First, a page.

Games as Art and NPC behavior

Filed under: — Stormwind @ 11:22 am

Austin Game DevelopersUpdate: If you want to find out more about the meeting, Gamasutra published a summary of the meeting, "But Seriously Folks: Austin Game Developers Panel", written by John Henderson.

Summary of my own thoughts: Improved NPC AI could make characters in games more believable and entertaining, and increase player empathy and emotional indentification with the game characters.

My thoughts: I attended the Austin Game Developer‘s meeting last night (March 10th) and caught up with some old friends who are now at a variety of different companies around Austin.  The meeting featured a round table discussion entitled "Games as Art: Does it matter?" as a follow-up to Roger Ebert’s recent comments about games.

Being more on the technology side of game development (though always interested in design and sticking my nose into it), I’ve been thinking for a long time about what technological developments could make games more immersive or involving to a larger audience in such a way that could make them feel more alive.  These same outcomes could also help games be seen potentially as art instead of just mass market entertainment (in the same way that some movies and books can be art or mass market entertainment, or in the rare exception, both).


I think NPC AI has a big potential for improvement.  Though it is a really hard problem that shares much in common with traditional AI, the potential for NPCs in games to interact with players in more non-scripted, plausible ways is huge.  Image if, using speech recognition or a keyboard, you could interact with an NPC with free form speech instead of just clicking a few scripted responses the game designer or writer assigned to the NPC.

The NPCs then responded and reacted in plausible ways that were dynamic and based off game world state to such a level that they could not possibly be fully scripted to behave in such a manner.  NPCs could show emotions and change emotional state depending on changes in the game, including player interactions and game world changes that the player did not immediately cause during the interaction with the NPC (like being upset after hearing a bad guy stealing a beloved piece of art on the other side of town).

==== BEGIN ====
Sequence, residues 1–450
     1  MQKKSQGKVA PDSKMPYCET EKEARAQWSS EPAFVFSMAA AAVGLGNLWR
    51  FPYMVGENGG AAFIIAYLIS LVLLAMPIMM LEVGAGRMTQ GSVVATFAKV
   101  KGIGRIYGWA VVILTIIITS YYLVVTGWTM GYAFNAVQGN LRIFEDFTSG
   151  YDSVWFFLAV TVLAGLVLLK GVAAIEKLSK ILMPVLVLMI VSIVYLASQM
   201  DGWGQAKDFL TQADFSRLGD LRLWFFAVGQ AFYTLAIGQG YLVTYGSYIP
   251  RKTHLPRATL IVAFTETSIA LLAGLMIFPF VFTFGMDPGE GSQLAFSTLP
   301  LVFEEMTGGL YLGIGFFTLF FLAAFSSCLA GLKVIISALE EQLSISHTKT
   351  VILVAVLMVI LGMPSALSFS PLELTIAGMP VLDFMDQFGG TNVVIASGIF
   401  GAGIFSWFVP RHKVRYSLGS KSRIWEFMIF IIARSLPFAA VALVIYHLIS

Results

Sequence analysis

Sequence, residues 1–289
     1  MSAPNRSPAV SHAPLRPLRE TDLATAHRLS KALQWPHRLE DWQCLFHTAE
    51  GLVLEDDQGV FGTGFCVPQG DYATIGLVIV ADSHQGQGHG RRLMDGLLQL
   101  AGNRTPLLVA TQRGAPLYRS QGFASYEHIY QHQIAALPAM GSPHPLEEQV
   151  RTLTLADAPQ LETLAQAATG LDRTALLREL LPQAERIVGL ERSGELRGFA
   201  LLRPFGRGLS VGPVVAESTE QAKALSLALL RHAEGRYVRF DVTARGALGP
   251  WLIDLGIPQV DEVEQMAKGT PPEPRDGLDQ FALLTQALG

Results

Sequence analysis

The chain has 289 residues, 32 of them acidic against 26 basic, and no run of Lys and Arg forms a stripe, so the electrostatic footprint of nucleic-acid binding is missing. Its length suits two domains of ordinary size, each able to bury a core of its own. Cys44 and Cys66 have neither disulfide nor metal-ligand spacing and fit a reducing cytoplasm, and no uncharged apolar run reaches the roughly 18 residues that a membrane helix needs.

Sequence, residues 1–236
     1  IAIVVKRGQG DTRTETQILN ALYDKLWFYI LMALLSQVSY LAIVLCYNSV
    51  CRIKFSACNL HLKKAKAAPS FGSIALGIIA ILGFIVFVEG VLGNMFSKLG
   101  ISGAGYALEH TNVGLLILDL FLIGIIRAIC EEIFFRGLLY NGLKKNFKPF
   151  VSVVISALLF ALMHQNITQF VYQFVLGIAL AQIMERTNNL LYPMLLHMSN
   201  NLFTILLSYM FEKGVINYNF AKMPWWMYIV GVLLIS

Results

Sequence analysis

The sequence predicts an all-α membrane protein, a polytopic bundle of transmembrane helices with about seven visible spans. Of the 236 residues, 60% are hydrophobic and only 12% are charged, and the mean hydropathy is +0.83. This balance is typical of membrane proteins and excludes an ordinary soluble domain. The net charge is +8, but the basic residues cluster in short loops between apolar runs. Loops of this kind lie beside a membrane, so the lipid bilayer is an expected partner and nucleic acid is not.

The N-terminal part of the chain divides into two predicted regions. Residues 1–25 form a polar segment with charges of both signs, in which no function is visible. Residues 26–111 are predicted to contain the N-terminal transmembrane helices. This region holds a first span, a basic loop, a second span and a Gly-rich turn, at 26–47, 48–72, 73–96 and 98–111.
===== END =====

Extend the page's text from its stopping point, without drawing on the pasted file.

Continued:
Speech recognition technology seems really close to the point feature-wise where it could be used for such a game feature, but I’m guessing the CPU utilization (in terms of percentage of CPU time needed to do it in real-time) might still be too high to do at same time as rendering, game state logic and updates, audio, and all the other tasks a 3D game has to do continuously.

Understanding the input from speech is another problem though.  AI that can understand free-form speech (in the form of text), manage the informational and emotional state of an NPC in a plausible way, and react and speak to players in a believable, in-context manner seems far off. 

The problem seems so huge that I highly doubt it will solved in a game development context due to complexity and cost.  It will probably be a hard problem in the academic world for continued research, then licensed and developed into a middleware product by a tool provider for developers to integrate into games.

No matter how hard the NPC AI problem is to solve, I’m still looking forward to the time when, playing an RPG, I can walk up to a merchant in town and strike up a casual free-form conversation about the King’s strange behavior, recently odd omens, and the price of fruit, and watch him react in plausible ways as I accidentally insult him then attempt smooth it over diplomatically.

3 responses to “Games as Art and NPC behavior”

  1. lisa says:

    Glad you had fun catching up with old friends!

  2. J. says:

    I wrote that article, not Simon Carless. Simon was my editor and wrote the news blurb linking to the main story, here: http://www.gamasutra.com/features/20060313/henderson_01.shtml

    Glad you liked it. 🙂

  3. Stormwind says:

    Sorry about that. Corrected, thanks!

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